Steve Gothelf Leads SF Chronicle Sound Off Interview
November 20, 2016
How much privacy can buyers or sellers expect during the transaction process?
A: Privacy levels during the transaction process range from moderate to high depending on buyer and seller needs.
During a real estate transaction buyers and sellers will experience varying degrees of privacy with respect to their identities. It’s best when the Realtor and client develop a strategy and plan accordingly.
Far more than simply a buyer, seller, and Realtor take part in these transactions. Photographers, copywriters, videographers, web designers, title company representatives, lenders, appraisers, property inspectors, stagers and laborers are likely to become involved at some point.
That kind of built-in exposure obviously affects the privacy.
In my experience buyers, (as compared to sellers) have more opportunity for privacy by requiring non-disclosure agreements to be signed by all parties. Buyers can go a step further by taking title in the name of an LLC to exclude their names from the tax rolls.
Designating an attorney or accountant as manager of that LLC and allowing them to handle the transaction process further insulates buyers from putting their name out there.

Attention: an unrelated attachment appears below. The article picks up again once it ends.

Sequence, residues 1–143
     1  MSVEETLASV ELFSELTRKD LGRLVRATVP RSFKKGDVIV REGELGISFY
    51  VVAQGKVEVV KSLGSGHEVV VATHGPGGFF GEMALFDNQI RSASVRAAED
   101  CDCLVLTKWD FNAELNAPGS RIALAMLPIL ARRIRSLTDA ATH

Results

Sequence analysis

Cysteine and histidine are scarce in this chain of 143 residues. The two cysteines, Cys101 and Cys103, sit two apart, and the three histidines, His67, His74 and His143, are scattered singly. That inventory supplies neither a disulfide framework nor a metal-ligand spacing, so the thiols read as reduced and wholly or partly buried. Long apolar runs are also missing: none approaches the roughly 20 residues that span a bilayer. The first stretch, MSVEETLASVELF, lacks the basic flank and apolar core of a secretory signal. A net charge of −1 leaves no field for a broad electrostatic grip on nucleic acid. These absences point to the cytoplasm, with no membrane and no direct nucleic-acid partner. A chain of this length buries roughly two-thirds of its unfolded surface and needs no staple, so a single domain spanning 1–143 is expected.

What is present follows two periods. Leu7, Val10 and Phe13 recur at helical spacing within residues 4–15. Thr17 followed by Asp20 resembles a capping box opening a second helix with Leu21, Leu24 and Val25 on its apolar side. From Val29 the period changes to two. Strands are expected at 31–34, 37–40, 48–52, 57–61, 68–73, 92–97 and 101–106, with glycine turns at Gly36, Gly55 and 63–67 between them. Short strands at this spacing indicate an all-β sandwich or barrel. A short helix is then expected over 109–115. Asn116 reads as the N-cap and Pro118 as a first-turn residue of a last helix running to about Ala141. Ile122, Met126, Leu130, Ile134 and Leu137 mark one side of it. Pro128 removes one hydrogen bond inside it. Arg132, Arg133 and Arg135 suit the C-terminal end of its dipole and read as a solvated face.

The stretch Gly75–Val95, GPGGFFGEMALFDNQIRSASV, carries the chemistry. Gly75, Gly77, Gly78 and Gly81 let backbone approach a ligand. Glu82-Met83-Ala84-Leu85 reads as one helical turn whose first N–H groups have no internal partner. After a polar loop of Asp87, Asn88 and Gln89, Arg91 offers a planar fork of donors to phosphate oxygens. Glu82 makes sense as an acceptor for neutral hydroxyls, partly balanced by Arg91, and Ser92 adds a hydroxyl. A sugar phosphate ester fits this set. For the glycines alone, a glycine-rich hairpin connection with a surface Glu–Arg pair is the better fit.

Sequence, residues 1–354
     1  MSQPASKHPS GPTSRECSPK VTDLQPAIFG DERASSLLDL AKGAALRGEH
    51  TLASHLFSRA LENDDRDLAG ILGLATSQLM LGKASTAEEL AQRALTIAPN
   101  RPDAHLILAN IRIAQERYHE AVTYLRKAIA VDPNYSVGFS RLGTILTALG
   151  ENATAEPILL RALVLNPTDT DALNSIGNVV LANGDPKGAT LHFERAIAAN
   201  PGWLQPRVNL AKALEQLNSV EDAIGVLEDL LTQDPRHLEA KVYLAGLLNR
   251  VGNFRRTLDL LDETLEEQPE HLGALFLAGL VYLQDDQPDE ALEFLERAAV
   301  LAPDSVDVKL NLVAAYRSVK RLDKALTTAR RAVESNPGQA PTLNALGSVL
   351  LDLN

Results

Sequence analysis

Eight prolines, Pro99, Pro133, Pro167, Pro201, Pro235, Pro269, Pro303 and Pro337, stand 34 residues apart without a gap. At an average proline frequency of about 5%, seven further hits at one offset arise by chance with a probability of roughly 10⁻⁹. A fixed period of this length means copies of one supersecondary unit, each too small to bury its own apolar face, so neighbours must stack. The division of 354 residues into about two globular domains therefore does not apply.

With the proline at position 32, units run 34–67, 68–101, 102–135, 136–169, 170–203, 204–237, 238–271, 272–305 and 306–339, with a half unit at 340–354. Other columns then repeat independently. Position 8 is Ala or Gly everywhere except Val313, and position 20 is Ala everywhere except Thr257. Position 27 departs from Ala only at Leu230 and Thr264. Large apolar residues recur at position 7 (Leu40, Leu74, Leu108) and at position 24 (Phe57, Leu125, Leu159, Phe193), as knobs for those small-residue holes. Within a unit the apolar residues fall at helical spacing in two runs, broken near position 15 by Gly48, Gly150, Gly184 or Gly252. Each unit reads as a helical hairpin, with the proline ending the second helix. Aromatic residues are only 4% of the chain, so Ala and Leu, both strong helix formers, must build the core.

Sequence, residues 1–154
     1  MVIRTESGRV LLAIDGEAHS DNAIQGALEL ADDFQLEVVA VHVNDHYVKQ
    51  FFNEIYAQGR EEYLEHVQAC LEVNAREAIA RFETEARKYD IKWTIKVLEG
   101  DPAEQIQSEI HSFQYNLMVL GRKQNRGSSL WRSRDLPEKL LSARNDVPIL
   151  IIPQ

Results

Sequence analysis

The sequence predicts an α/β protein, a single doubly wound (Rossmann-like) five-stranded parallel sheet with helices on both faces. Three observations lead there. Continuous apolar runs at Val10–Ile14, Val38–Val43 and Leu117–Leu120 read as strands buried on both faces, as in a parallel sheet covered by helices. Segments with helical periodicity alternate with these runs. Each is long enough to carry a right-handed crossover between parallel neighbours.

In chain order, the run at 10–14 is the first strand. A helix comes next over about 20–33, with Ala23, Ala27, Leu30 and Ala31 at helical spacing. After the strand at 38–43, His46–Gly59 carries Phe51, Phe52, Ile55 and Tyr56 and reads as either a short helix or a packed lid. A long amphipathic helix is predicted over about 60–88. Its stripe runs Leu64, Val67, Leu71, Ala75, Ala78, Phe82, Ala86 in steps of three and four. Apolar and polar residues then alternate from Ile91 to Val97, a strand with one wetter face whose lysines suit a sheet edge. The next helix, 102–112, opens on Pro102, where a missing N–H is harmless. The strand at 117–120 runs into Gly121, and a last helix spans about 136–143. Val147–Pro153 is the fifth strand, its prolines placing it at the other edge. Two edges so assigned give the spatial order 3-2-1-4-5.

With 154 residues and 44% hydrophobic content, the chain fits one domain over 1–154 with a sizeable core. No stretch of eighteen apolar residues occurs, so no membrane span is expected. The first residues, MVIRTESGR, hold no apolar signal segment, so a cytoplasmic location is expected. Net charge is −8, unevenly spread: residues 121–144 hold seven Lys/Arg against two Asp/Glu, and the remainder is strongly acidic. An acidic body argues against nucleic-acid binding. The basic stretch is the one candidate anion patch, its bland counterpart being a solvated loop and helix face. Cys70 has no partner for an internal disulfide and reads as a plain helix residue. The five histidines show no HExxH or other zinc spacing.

Some LLC’s are originated in Delaware because of the rigorous confidentiality statutes.
Sellers seeking privacy during a transaction may also use NDA’s and LLC’s. However property ads, signage, and participation in the MLS will focus attention on the property — which may impact their privacy.
Although a different issue than privacy during the transaction process, many sellers and buyers would like to keep sale prices private which is no longer possible in San Francisco because within weeks of a sale being completed the Tax Assessors Office uploads that information to the tax rolls and it becomes public information.
A: I have been asked many times if I would represent both buyer and seller on a transaction — my answer is always no. Each party should have as much privacy as possible during a transaction, it’s one of the main reasons buyers and sellers should have their own representation.
With advent of technology, we all have personal information floating online. But Realtors strive to be gatekeepers of our clients’ information. Only truly pertinent details should ever be shared with the other party. For example, as a buyer; it is typical to provide proof of loan approval from a lender.
If you are paying cash, providing proof of funds is standard protocol. Beyond that, your private finances should remain just that, private. We often ask our clients to “personalize” themselves during a bidding process by writing a letter; how much clients wish to reveal is discussed and decided together. Alternatively for sellers; how much they paid for their house and when is public record, and found easily online. Other facets of their personal material should not come to light unless vital to the transaction.
Categorized in: San Francisco